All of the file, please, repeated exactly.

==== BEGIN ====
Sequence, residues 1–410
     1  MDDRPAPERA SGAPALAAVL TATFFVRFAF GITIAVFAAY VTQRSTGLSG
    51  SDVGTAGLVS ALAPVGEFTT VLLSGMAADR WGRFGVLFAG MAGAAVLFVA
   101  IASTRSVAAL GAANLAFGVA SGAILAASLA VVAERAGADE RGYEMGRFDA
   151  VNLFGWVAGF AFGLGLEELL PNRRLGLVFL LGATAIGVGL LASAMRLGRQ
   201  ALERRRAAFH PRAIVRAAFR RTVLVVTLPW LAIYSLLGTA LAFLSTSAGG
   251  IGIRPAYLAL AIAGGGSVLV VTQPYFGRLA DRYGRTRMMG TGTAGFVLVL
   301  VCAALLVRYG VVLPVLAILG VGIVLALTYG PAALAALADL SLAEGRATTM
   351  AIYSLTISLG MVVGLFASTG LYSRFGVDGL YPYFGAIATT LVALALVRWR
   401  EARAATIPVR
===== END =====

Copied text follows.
Sequence, residues 1–410
     1  MDDRPAPERA SGAPALAAVL TATFFVRFAF GITIAVFAAY VTQRSTGLSG
    51  SDVGTAGLVS ALAPVGEFTT VLLSGMAADR WGRFGVLFAG MAGAAVLFVA
   101  IASTRSVAAL GAANLAFGVA SGAILAASLA VVAERAGADE RGYEMGRFDA
   151  VNLFGWVAGF AFGLGLEELL PNRRLGLVFL LGATAIGVGL LASAMRLGRQ
   201  ALERRRAAFH PRAIVRAAFR RTVLVVTLPW LAIYSLLGTA LAFLSTSAGG
   251  IGIRPAYLAL AIAGGGSVLV VTQPYFGRLA DRYGRTRMMG TGTAGFVLVL
   301  VCAALLVRYG VVLPVLAILG VGIVLALTYG PAALAALADL SLAEGRATTM
   351  AIYSLTISLG MVVGLFASTG LYSRFGVDGL YPYFGAIATT LVALALVRWR
   401  EARAATIPVR